Cover Image
close this bookPhotovoltaic Household Electrification Programs - Best Practices (WB)
close this folderAnnex 1 : ASTAE case studies in PV household electrification
View the document(introduction...)
View the documentIndonesia
View the documentSri Lanka
View the documentThe Philippines
View the documentThe Dominican Republic
View the documentConclusions


1. The Asia Alternative Energy Unit (ASTAE) commissioned four case studies of solar PV program experience, in order to review the experience and performance of solar PV rural electrification in selected countries and provide guidance for future solar PV programs. Field investigations were conducted to: (a) determine the technical performance of installed residential PV systems; (b) examine the management systems and field performance of the organizations responsible for these installations and their capacity to implement expanded programs; (c) assess credit programs and revolving funds to finance solar PV purchases; and (d) evaluate the sociocultural benefits of the affected households and communities.

2. This Annex and Table 1 summarize these case study reports of Indonesia, Sri Lanka, the Philippines, and the Dominican Republic. PV programs in these countries ranged from government-sponsored programs, such as the BANPRES Project in Indonesia, to virtually no government involvement in promoting solar home systems, as in the Dominican Republic. Despite different implementation approaches, a number of common themes emerged. Each country has a large rural population without electricity service and a utility that lacks the financial and institutional resources to serve many of these rural communities. The solar PV programs have involved a rural organization such as a rural cooperative or grassroots NGO, government agencies or private firms. These organizations offered access to credit, supplied products and provided maintenance and support services. Credit shortages were listed as one of the major constraints to a broader use of PV in most of the programs. Affordability was limited as loans, when available, carried high interest rates and/or short repayment periods. While government-sponsored programs offered subsidized credit, funds were limited and cost recovery was poor. All of the programs incorporated training and maintenance support, but there were deficiencies. Typical PV module sizes of solar home systems ranged from 15-Wp to about 50-Wp and systems were mainly used to supply lighting and power for a radio or TV.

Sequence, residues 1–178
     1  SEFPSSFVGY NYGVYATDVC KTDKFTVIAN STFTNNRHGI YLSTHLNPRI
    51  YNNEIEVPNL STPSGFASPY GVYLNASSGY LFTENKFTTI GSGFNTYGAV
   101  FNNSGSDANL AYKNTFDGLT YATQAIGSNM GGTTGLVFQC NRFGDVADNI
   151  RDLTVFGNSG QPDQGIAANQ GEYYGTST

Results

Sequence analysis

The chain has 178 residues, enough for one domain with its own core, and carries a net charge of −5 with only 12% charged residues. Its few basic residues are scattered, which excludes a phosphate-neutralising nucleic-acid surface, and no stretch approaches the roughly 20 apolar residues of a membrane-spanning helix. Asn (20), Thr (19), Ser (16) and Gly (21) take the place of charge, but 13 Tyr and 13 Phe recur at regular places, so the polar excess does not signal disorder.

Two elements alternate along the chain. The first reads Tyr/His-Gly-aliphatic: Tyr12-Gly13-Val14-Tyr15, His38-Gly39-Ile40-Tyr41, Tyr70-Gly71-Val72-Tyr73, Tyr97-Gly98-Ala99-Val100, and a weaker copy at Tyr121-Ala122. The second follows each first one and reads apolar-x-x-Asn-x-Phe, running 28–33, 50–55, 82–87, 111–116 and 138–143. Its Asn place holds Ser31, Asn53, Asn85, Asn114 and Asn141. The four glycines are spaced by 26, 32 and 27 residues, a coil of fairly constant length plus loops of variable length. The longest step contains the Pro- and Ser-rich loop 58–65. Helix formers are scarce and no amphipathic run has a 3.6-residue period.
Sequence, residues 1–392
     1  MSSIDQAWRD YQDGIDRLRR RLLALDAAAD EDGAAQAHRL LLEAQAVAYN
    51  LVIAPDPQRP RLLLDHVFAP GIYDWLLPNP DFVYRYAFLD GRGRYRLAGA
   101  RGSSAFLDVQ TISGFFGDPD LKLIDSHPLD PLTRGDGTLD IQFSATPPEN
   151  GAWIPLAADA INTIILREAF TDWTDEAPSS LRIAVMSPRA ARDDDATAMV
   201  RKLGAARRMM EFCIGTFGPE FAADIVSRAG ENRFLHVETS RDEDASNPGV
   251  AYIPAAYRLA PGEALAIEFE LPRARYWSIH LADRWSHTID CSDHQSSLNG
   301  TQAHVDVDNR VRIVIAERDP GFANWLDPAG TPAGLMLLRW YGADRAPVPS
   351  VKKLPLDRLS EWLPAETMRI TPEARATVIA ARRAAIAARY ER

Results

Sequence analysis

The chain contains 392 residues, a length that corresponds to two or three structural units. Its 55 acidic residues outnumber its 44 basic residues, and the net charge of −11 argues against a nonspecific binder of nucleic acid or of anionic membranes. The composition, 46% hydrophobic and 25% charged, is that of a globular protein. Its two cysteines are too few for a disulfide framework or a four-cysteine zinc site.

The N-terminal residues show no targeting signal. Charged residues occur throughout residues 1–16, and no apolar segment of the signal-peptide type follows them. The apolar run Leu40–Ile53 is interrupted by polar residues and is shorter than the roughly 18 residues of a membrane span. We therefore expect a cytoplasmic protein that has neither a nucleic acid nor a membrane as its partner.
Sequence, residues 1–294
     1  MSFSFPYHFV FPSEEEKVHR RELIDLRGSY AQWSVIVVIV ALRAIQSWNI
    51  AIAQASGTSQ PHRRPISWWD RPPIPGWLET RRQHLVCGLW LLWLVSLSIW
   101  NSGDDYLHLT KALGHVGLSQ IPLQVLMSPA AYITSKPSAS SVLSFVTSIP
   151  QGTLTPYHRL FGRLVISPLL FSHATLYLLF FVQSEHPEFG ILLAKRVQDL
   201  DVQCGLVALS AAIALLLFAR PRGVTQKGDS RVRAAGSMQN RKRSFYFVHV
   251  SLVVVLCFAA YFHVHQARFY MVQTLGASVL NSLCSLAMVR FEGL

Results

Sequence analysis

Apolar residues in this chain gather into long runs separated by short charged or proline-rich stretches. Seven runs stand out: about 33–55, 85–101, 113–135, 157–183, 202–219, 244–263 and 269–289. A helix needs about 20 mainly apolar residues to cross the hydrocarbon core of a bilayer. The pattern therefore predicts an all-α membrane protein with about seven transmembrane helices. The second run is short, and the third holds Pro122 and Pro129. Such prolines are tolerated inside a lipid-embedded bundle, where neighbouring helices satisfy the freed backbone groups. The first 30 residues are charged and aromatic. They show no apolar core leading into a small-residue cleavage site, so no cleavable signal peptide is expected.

Table 1A. Summary Evaluation of Experiences in ASTAE Case Study Countries Institutional Evaluation


Dominican Republic


Sri Lanka


Organizational structure

ADESOL is an effective umbrella organization for manufacturers, technicians and entrepreneurs; good communication among solar home system organizations.

Key agencies including cooperatives, technology development, planning, energy, banking, etc.; participated in BANPRES project. Multiple agencies made communication difficult at times.

Solar home systems disseminated independently by private sector, NGOs and government agencies.

Bilateral program administered effectively; worked with local NGOs and Rural Electrification Cooperatives (RECs).

Market strategy

Solar PV market independent of rural electrification programs.

Site identification based on electric utility 5-year grid- extension plane. Longer range grid-extension plan not available at that time, but is currently available.

Customer selection was not formally coordinated with the electric utility. Private and NGO marketing used information from regional utility offices.

Strategy was to offer minimum power supply in unelectrified clusters, increasing the demand for electricity and area covered, until grid extension became viable economic alternative.

Information dissemination

ADESOL promotes PV technologies in rural areas; solar home system installers train consumers in load management/ maintenance.

PV technology promoted on the village level by cooperatives.

Private sector conducts own information dissemination programs. Government and NGO programs organized village demonstrations to educate potential users of PV technology.

Solar PV marketed as a "pre- electrification" option.

Sustainability of institutional structure

ADESOL is dependent on donor funds to seed the revolving funds. Private sector receives training from ADESOL.

Program dependent on government assistance for institutional support and to seed revolving fund.

Private sector depends on commercial sales. NGOs require seed funding their revolving funds. Gov't programs used public & bilateral funds.

Programs were dependent on bilateral financial and technical support, but administering agencies were existing institutions.